Thursday, April 05, 2007

Counting Strengths

See if you can find the pattern in these numbers: 23, 24, 25, 27, 28, 29, 31, 31, 35.

Give up? It’s the ages of the Twins lineup, the same lineup that many pundits are predicting will come back to earth this year. The problem with that prediction is that there’s only one guy who remembers the bicentennial. Most of them are still in their peak years.

Plus, the entire starting lineup is returning, and the Twins added to their bench with the signing of Jeff Cirillo. Cirillo isn’t Barry Bonds, but he fills some important roles. For starters, he provides insurance for the player most likely to come crashing to earth like Skylab (another event these guys don’t remember) – Nick Punto. His right-handed bat can also spell Jason Kubel against tough southpaws at designated hitter.

The American League’s best bullpen also returns every player. How good is it? This offseason the Twins brought in a number of left-handed relievers, determined to add one to the bullpen. One of the veterans they brought in, Mike Venafro, pitched ten innings and didn’t give up a single run. And they STILL couldn’t find a place for him in this bullpen.

All that’s left to cover is the starting rotation that has drawn more attention locally than the “Who Shot JR?” episode. (Yes, that makes three historical references the lineup doesn’t remember. I’m going for four before this is over. I think I can do it.) Before we start rending our garments about the loss of Brad Radke and Francisco Liriano, let’s not forget that Radke was terrible for the first two months and hurt for the last one. And that Liriano didn’t really pitch after July.

Last summer’s stretch run depended heavily on Johan Santana, Boof Bonser, Carlos Silva, Matt Garza, and Scott Baker, and all of them are either back or available. Now, at least, the Twins have a couple of veterans and some other promising arms in Rochester to turn to as necessary. They may not have the quality, but they have an abundance of quantity, and they’ve proved adept at untangling knots like this as the season progresses.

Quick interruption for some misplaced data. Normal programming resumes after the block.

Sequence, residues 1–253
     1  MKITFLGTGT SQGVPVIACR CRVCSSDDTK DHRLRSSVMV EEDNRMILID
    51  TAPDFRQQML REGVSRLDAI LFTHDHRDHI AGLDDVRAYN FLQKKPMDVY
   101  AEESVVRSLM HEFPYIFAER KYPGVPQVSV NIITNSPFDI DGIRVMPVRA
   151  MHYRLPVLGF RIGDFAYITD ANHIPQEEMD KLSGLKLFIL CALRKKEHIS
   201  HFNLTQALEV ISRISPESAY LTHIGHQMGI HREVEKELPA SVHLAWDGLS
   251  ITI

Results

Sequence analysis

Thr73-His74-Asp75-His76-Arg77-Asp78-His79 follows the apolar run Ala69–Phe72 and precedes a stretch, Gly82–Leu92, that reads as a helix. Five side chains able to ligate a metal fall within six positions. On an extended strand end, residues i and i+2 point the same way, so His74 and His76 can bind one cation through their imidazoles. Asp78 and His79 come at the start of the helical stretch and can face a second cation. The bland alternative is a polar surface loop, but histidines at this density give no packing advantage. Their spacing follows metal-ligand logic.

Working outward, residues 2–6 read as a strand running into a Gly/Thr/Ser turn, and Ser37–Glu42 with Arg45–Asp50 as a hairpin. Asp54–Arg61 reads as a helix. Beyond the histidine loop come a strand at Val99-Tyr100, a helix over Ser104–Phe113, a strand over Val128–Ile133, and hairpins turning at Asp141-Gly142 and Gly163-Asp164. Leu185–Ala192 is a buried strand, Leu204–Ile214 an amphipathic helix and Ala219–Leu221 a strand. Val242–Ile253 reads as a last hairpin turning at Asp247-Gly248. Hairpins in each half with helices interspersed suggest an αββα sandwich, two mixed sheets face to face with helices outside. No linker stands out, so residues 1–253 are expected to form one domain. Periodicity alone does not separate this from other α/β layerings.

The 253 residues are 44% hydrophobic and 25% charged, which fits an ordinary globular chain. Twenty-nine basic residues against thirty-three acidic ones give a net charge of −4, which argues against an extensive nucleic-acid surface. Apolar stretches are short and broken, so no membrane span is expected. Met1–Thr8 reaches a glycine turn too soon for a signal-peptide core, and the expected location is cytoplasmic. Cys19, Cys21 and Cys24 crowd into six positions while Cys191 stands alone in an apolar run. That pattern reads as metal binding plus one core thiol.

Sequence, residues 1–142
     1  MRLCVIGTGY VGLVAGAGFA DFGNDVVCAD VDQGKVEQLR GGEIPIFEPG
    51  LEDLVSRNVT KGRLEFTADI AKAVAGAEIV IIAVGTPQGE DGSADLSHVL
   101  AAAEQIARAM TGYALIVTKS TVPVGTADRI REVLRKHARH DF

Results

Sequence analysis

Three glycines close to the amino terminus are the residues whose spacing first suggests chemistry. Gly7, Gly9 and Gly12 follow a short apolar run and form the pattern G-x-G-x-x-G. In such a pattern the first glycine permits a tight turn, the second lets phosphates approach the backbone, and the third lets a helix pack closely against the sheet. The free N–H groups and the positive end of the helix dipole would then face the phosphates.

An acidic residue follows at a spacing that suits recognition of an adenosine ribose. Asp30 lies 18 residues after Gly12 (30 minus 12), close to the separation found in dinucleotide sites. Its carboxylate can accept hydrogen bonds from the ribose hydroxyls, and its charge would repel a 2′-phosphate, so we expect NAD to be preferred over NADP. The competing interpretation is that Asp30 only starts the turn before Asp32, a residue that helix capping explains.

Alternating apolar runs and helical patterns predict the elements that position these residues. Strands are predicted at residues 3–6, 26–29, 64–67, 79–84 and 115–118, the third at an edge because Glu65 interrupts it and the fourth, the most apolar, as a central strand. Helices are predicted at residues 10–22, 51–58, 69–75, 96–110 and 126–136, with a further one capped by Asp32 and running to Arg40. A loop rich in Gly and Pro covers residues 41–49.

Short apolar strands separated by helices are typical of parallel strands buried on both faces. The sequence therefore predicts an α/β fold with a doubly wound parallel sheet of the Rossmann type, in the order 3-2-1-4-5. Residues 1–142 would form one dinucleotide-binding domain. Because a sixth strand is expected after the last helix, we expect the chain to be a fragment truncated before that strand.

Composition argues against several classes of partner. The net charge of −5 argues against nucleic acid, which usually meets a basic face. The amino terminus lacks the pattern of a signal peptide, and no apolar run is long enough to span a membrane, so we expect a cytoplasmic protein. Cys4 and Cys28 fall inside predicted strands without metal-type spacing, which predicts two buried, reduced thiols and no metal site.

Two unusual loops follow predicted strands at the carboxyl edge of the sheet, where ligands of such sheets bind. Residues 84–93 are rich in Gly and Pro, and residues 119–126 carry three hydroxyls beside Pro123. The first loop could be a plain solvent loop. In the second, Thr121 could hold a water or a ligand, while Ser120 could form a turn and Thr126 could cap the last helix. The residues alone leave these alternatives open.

If this looks a bit familiar, it's because it was published earlier this week in the Dugout Splinters of GameDay. If it doesn't, then you should really start getting the best magazine since Dynamite (Four!) You can buy GameDay before every Twins game across the street from the Metrodome from the guys in the red vests.
That's it for this week. Monday we'll have previw of the Twins/Yankees series, and I hope to see all of you at the blogger even on Saturday at BW3.



3 comments:

TwinsJunkie said...

I thought I was going crazy for a minute

Lichty said...

starters, he provides insurance for the player most likely to come crashing to earth like Skylab (another event these guys don’t remember) – Nick Punto.

Yeah, but when it comes to recognizing coming down to earth, Gardy is as skylab challenged as Mauer. Gardy has made up his mind that Punto is his 3b starter and Punt-Punt or whatever cute nickname Gardy will come up with for him, will only have to make one web gem every few weeks and get on base once and run really hard every once and a while for Gardy to keep his etched in stone belief that Punto is the best everyday third baseman in the league much less on the team.

Any struggles will be met with Gardy stating that "Punt-Punt is battling his tail off, and has just had some bad breaks, we need him to work through it by playing more innings." Cirillo will get some DH time and I bet more first base time than third base time.

I hope I am wrong, but when one of Gardy's guys is at stake, goodbye - logic and proportion.

Cirillo should be playing 3b against most lefties, not because Punto is any better or worse at hitting lefties than righties, but because Cirillo is better than Punto at it. Won't happen though - Cirillo will DH against lefties with Punto at the corner.

It is another example of the Heintz decision really hamstringing the lineup.

If there were another capable RH bat, Cirillo could platoon at 3b and the RH bat could DH. Maybe with Heintz in place, that could be Redmond, which I am not opposed to, but not likely to see that happen.

Kyle said...

You don't think Mauer and Morneau will regress a little from last season?

The knee-jerk response I often get to that question is that both are young and young players always improve. But is that really true?

Alex Rodriguez posted his best RC/27 at 20 years old. Ken Griffey Jr. posted his at 24 years of age.

Last season Mauer was the only modern catcher to ever win a batting title, and even the most homerific Twins fans probably wouldn't have picked Morneau to bat .321.

Peak years, sure. None of the Twins core is likely to experience a significant decline at the plate. But counting on a repeat performance from all of Morneau, Cuddyer, Mauer and Hunter seems unwise.

Still, it's only a minor delusion compared to White Sox fans that think swapping out Freddie Garcia for Gavin Floyd and adding Darin Erstad while doing nothing else is going to turn their third place squad of a year ago into a contender in the AL Central.